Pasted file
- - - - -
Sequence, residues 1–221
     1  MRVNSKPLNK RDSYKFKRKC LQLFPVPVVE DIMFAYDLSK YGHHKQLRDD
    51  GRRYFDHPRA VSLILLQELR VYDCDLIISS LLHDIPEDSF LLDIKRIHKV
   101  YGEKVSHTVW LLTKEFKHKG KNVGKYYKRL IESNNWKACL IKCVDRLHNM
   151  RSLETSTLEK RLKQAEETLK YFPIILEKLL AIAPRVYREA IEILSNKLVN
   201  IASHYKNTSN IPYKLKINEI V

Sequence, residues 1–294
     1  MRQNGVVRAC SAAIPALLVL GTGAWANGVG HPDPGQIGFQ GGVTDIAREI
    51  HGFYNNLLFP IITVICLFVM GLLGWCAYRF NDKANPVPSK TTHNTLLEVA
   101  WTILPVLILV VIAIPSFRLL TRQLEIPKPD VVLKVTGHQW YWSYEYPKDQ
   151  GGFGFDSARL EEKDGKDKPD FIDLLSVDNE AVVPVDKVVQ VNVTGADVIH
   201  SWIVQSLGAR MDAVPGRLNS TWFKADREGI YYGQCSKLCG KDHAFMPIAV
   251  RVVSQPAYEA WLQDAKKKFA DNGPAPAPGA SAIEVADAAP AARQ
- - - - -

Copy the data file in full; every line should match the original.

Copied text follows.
Sequence, residues 1–221
     1  MRVNSKPLNK RDSYKFKRKC LQLFPVPVVE DIMFAYDLSK YGHHKQLRDD
    51  GRRYFDHPRA VSLILLQELR VYDCDLIISS LLHDIPEDSF LLDIKRIHKV
   101  YGEKVSHTVW LLTKEFKHKG KNVGKYYKRL IESNNWKACL IKCVDRLHNM
   151  RSLETSTLEK RLKQAEETLK YFPIILEKLL AIAPRVYREA IEILSNKLVN
   201  IASHYKNTSN IPYKLKINEI V

Sequence, residues 1–294
     1  MRQNGVVRAC SAAIPALLVL GTGAWANGVG HPDPGQIGFQ GGVTDIAREI
    51  HGFYNNLLFP IITVICLFVM GLLGWCAYRF NDKANPVPSK TTHNTLLEVA
   101  WTILPVLILV VIAIPSFRLL TRQLEIPKPD VVLKVTGHQW YWSYEYPKDQ
   151  GGFGFDSARL EEKDGKDKPD FIDLLSVDNE AVVPVDKVVQ VNVTGADVIH
   201  SWIVQSLGAR MDAVPGRLNS TWFKADREGI YYGQCSKLCG KDHAFMPIAV
   251  RVVSQPAYEA WLQDAKKKFA DNGPAPAPGA SAIEVADAAP AARQ